Day One coverage of all the latest and greatest from the trade show floor here at Interbike was delayed due to an urgent mission regrading the Shitbike. Stay tuned to the December issue for the full report, but suffice it to say the mission was a raging success.
Without further ado, here’s a double-dose of highlights from
. Interbike 2009
Gore's Alp-X jacket will see some serious revisions for 2010. The jacket has a huge full-length vent that runs along side that zipper which is easily uncovered via a velcro flap. The Alp-X also features lots of subtle reflectors, a removable hood and a drop-down tail. The main body of the jacket is made from GORE-TEX PacLite material and the high abrasion zones, like the forearms, are made from GORE-TEX Performance Shell for greater durability.
Hydrapak's bite valve sees a welcomed revision. The Surge Valve twists to block water flow and the new bite interface is far less prone to leaking. The tube is now held in place with the Quantum Clip, which uses a magnet instead of jersey-eating Velcro.
Hydrapak is pushing hard into the high-end market with its $110, 800-cubic-inch Morro (pictured) and $130 1,100-cubic-inch Jolla packs.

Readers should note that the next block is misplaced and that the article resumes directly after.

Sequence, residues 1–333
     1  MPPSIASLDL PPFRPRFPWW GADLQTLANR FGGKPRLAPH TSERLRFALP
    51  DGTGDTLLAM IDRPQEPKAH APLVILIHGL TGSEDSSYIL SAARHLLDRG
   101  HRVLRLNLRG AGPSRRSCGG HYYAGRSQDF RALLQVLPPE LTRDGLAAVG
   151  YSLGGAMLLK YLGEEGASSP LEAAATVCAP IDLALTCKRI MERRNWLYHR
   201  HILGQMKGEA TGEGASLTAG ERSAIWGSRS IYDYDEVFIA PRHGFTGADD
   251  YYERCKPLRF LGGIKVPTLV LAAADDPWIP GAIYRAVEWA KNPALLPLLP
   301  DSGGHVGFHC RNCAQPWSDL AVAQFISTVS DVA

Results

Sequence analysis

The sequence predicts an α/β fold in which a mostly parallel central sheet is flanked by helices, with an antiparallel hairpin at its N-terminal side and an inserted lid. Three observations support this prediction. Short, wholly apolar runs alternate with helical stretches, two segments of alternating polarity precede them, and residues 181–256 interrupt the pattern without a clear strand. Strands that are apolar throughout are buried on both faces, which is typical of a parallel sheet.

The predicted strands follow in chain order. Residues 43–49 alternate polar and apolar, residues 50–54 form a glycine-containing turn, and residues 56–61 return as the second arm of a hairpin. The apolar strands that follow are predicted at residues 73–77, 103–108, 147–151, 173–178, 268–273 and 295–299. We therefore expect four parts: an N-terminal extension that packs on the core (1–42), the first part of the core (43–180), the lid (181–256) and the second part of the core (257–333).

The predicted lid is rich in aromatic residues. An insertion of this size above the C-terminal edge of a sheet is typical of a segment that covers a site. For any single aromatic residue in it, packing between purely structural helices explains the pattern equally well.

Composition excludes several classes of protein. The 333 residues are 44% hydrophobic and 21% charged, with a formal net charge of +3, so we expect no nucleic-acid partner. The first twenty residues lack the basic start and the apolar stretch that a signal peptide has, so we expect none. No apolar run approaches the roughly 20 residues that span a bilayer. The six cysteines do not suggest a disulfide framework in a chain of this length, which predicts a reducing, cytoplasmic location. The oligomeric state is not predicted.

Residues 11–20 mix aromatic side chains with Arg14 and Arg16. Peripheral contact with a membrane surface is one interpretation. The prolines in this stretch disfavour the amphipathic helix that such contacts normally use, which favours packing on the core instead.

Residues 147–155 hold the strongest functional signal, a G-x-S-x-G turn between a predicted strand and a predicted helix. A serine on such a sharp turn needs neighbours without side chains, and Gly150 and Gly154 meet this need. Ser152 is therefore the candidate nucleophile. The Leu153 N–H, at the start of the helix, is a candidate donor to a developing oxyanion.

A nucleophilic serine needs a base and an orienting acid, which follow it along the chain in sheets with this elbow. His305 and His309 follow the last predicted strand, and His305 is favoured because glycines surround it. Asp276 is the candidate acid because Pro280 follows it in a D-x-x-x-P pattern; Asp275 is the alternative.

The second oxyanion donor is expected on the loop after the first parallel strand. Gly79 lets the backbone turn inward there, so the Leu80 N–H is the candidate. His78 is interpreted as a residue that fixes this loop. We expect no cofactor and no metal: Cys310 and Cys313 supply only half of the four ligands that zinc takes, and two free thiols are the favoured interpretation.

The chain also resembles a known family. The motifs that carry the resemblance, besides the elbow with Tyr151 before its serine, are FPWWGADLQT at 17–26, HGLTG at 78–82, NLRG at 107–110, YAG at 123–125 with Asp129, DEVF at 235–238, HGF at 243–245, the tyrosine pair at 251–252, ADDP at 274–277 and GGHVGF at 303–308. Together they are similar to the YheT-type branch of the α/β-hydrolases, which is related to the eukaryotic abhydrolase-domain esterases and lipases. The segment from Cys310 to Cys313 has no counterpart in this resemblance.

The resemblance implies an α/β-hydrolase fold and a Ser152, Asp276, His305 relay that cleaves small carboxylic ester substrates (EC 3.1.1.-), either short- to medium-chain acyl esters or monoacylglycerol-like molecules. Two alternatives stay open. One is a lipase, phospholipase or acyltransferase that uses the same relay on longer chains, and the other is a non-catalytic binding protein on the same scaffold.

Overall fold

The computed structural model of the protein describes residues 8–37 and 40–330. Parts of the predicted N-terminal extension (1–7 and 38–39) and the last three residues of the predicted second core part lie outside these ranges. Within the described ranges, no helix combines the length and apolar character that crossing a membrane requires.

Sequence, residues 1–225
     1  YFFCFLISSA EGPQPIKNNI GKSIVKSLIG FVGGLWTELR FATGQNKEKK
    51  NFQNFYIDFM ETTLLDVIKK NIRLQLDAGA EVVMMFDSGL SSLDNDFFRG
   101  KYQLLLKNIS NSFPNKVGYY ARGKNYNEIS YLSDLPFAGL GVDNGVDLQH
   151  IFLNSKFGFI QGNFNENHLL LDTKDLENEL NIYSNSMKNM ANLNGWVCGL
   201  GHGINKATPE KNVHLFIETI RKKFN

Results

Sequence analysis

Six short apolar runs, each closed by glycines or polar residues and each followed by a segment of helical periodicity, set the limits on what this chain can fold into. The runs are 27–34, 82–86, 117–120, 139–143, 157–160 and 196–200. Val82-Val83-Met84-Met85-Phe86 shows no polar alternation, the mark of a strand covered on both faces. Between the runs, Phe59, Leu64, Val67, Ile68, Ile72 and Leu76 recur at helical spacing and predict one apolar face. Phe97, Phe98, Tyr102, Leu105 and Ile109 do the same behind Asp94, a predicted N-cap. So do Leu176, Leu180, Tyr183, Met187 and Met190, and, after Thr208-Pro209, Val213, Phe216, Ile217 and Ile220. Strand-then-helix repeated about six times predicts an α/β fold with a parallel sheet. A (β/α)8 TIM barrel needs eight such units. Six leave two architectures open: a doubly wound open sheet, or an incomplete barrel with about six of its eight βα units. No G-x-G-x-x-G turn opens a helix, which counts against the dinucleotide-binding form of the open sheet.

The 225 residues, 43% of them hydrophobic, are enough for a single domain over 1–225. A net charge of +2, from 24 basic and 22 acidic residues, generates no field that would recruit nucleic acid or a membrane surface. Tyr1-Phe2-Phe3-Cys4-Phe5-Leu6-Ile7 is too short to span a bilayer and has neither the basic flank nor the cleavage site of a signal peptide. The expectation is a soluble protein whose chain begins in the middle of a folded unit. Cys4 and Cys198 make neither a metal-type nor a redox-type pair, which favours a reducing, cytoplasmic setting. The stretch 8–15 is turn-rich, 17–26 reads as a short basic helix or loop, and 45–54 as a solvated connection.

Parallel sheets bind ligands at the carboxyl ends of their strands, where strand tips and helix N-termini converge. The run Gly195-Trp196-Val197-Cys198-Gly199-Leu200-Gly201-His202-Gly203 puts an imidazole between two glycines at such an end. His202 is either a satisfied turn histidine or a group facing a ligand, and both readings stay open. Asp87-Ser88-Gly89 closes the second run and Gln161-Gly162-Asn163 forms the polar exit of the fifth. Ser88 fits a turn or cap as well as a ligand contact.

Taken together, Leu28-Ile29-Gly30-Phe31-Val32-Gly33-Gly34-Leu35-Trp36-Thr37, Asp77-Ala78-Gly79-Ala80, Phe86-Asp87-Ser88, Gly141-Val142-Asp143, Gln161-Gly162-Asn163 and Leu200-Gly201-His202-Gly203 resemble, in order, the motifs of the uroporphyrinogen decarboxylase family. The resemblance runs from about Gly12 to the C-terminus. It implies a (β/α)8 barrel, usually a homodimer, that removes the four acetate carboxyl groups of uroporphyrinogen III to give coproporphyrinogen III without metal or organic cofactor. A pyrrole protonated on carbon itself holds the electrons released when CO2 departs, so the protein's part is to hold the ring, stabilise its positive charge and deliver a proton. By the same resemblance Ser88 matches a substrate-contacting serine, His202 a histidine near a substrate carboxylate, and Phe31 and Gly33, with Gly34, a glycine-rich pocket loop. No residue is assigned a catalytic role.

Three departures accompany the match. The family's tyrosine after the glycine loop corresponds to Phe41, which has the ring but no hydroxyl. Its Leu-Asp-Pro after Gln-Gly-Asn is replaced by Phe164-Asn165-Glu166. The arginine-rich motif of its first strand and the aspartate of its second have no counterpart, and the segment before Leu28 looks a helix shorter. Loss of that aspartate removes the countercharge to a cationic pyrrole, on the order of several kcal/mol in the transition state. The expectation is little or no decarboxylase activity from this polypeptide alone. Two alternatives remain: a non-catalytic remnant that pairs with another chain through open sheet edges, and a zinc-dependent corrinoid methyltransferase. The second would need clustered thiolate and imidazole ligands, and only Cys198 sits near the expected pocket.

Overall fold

POC's line of VPD knee, shin and elbow pads offer soft-shell comfort at near hard-shell protection. The VPD padding allows for easy flexibility when riding, but firms up during impacts.
POC's top-end downhill helmet, the Cortex DH, uses a new technology called MIPS, which acts like the brains natural protection against violent rotation. The helmet shell floats on the body of the helmet allowing it to move independently from the body, which dampens the rotational violence transferred to the rider’s head. The shell is held in place by a replaceable shear pin so that it will only move around when impacted. The Cortex DH will retail for $600.
The Marin Attack Trail 6.8 comes stock with HammerSchmidt, weighs in at just over 31 pounds and retails for $4,500.
Marin Bikes' Quake XLT gets a boost in travel to 180 millimeters. The bottom-bracket shell is forged and has ISCG tabs for a chainguide or HammerSchmidt system (for which this bike’s linkage has been optimized for). The rear dropouts are replaceable and spaced at 150 millimeters.
It was inevitable—Crank Brothers is at Interbike teasing a 29-inch version of its Cobalt wheels.
Crank Brothers Cobalt 29 wheels use the same TwinSpoke construction and 21-millimeter inner diameter extrusion as the 26-inch versions.
Bada-Bling. Pivot now offers “lunch boxes” of color-coordinated aftermarket fastener, Lock-On grips and suspension links. The carbon center of this link is structural, too, not just a carbon sticker.
In addition to fasterners, bolts and pivot axles, the aftermarket bling kit also includes a new Chris King InSet. This lunch box will set back Pivot owners $399.